Stream Surface Generation for Fluid Flow Solutions on Curvilinear Grids

  • Allen Van Gelder
Conference paper
Part of the Eurographics book series (EUROGRAPH)


A istream surface in a steady-state three-dimensional fluid flow vector field is a surface across which there is no flow. Stream surfaces can be useful for visualization because the amount of data presented in one visualization can be confined to a manageable quantity in a physically meaningful way.

This paper describes a method for generation of stream surfaces, given a threedimensional vector field defined on a curvilinear grid. The method can be characterized as semi-global; that is, it tries to find a surface that satisfies constraints over a region, expressed as integrals (actually sums, due to discreteness), rather than locally propagating the solution of a differential equation.

The solution is formulated as a series of quadratic minimization problems in n variables, where nis the cross-wind resolution of the grid. An efficient solution method is developed that exploits the fact that the matrix of each quadratic form is tridiagonal and symmetric. Significant numerical issues are addressed, including degeneracies in the tridiagonal matrix and degeneracies in the grid, both of which are typical for the applications envisioned.


Height Field Stream Surface Bilinear Model Computational Space Curvilinear Grid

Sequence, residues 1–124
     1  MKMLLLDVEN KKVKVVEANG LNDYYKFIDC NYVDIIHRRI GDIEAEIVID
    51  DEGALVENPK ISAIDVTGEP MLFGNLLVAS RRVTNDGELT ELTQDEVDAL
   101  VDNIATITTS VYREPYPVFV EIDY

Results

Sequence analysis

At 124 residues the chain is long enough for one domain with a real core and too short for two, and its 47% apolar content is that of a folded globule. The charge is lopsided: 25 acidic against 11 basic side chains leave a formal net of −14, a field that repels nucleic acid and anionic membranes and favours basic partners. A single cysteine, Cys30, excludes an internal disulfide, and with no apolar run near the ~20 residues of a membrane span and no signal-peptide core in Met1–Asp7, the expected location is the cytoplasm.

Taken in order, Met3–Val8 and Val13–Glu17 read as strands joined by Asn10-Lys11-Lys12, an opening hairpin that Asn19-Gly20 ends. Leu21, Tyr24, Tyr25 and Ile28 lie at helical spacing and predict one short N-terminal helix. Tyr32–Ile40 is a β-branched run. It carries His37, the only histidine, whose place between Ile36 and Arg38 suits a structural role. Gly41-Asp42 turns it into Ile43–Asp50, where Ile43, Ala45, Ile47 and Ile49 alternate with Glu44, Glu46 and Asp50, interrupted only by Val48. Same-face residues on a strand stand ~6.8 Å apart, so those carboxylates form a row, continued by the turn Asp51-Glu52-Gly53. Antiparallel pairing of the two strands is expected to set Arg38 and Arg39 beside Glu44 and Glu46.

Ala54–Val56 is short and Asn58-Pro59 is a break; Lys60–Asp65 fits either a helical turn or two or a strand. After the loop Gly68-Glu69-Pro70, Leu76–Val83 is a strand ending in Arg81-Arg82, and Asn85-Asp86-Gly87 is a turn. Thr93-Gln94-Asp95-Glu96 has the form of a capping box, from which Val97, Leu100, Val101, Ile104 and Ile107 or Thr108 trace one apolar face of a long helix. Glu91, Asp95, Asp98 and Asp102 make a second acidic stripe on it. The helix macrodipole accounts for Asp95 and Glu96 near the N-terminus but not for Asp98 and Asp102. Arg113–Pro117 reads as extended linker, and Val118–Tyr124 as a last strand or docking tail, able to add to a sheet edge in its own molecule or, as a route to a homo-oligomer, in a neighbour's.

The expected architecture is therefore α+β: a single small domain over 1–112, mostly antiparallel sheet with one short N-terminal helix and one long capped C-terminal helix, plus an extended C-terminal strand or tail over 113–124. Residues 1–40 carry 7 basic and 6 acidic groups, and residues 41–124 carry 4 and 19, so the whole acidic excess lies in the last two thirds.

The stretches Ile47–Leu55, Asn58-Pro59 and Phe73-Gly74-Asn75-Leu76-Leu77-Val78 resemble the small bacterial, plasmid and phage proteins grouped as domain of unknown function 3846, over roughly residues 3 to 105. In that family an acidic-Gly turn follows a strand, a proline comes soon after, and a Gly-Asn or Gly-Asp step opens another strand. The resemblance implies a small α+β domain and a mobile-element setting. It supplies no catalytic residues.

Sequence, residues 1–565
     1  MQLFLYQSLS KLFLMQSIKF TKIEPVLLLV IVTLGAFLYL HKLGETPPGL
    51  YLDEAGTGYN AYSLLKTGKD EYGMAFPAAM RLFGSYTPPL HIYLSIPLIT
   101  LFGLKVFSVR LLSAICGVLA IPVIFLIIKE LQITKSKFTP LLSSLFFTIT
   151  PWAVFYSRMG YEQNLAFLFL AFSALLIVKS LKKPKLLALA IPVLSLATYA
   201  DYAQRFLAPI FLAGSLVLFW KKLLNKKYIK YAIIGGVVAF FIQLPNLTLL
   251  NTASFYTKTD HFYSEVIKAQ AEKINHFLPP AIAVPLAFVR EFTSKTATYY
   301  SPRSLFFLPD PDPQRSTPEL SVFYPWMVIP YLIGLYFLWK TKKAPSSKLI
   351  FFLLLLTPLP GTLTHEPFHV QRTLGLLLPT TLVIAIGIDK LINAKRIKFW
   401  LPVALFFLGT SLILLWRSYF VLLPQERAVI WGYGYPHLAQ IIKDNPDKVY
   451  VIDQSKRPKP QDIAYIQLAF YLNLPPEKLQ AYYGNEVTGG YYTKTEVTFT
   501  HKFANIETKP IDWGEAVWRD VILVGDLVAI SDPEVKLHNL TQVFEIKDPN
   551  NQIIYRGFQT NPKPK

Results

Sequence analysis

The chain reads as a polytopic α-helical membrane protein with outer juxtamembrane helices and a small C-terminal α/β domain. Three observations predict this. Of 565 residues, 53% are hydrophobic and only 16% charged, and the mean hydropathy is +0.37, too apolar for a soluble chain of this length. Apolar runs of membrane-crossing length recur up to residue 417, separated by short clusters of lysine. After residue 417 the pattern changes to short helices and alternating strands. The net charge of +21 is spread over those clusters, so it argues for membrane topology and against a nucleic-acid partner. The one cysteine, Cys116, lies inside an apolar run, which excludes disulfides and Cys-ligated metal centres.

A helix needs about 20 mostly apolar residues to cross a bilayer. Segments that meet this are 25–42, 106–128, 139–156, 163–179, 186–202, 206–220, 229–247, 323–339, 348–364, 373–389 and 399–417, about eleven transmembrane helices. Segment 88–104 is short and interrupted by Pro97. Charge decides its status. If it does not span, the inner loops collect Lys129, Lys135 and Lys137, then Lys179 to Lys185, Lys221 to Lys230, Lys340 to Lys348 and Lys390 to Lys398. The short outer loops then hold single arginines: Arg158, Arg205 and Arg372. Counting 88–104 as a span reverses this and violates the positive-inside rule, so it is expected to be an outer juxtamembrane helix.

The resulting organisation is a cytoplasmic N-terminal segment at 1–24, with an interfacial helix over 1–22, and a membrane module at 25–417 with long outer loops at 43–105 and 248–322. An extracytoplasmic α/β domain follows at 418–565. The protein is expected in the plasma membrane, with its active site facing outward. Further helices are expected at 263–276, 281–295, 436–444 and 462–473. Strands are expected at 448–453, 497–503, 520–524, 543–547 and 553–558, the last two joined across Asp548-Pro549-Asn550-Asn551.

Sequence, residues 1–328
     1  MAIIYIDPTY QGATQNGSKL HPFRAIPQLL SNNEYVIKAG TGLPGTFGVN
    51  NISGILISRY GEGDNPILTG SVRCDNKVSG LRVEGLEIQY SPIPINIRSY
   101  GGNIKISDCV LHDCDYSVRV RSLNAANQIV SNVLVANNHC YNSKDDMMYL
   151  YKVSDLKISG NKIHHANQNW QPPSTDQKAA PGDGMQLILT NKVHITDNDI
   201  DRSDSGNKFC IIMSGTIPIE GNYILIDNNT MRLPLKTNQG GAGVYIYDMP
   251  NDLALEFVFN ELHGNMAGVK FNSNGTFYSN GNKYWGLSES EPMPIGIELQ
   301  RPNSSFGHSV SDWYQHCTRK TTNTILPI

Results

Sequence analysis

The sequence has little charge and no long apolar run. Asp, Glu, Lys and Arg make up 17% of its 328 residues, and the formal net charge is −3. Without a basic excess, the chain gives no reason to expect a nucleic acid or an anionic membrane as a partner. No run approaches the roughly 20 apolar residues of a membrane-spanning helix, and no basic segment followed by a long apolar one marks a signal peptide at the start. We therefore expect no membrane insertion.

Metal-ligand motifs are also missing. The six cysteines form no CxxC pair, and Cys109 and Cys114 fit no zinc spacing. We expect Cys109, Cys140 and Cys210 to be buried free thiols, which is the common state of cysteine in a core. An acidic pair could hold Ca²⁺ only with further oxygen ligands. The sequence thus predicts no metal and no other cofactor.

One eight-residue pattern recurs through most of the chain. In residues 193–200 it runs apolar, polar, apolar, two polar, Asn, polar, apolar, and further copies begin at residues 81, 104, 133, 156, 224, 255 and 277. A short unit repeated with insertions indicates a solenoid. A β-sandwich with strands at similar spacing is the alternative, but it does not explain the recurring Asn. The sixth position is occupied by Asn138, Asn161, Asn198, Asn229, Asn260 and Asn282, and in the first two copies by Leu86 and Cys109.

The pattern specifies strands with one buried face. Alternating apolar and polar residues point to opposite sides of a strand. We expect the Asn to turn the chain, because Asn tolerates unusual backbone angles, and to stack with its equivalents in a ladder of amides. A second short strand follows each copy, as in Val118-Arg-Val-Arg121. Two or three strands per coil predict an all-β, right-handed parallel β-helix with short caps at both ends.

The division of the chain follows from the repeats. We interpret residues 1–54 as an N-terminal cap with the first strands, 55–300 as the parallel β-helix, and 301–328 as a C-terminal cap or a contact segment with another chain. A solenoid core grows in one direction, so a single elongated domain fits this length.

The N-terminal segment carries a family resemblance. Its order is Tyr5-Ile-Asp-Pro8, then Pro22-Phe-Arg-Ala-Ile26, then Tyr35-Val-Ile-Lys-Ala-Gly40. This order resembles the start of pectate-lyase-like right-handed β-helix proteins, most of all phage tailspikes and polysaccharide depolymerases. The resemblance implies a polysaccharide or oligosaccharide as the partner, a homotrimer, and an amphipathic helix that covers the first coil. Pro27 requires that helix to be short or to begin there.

These keywords were added by machine and not by the authors. This process is experimental and the keywords may be updated as the learning algorithm improves.


Unable to display preview. Download preview PDF.

Unable to display preview. Download preview PDF.


  1. [FWJ98]
    D. Feng, C. Wenli, and S. Jiaoying. Stream surface construction using mass conservative interpolation. J. Computer Science and Technology, 13(suppl.issue):45–53, 1998.MATHGoogle Scholar
  2. [Hul92]
    J. P. M. Hultquist. Constructing stream surfaces in steady 3D vector fields. In Proceedings of Visualization’ 92, pages 171–178, Boston, MA, October 1992. IEEE.Google Scholar
  3. [Ken93]
    D. N. Kenwright. Dual Stream Function Methods for Generating Three-Dimensional Streamlines. PhD thesis, Department of Mechanical Engineering, University of Aukland, New Zealand, August 1993.Google Scholar
  4. [KHL99]
    D. N. Kenwright, C. Henze, and C. Levit. Feature extraction of separation and attachment lines. IEEE Trans. Visualization and Computer Graphics, 5(2):135–144, 1999.CrossRefGoogle Scholar
  5. [KM92]
    D. N. Kenwright and G. D. Mallinson. A 3-D streamline tracking algorithm using dual stream functions. In Visualization’ 92, pages 62–68. IEEE, October 1992.Google Scholar
  6. [KM96]
    D. Knight and G. D. Mallinson. Visualizing unstructured flow data using dual stream functions. IEEE Trans. Visualization and Computer Graphics, 2(4):355–363, 1996.CrossRefGoogle Scholar
  7. [Lam32]
    Horace Lamb. Hydrodynamics. Dover, 6th edition, 1932.Google Scholar
  8. [vW93]
    J. J. van Wijk. Implicit stream surfaces. In Visualization’ 93, pages 245–252, San Jose, CA, 1993. IEEE Comput. Soc. Press.Google Scholar

Copyright information

© Springer-Verlag Wien 2001

Authors and Affiliations

  • Allen Van Gelder
    • 1
  1. 1.Computer Science DepartmentUniversity of CaliforniaSanta CruzUSA

Personalised recommendations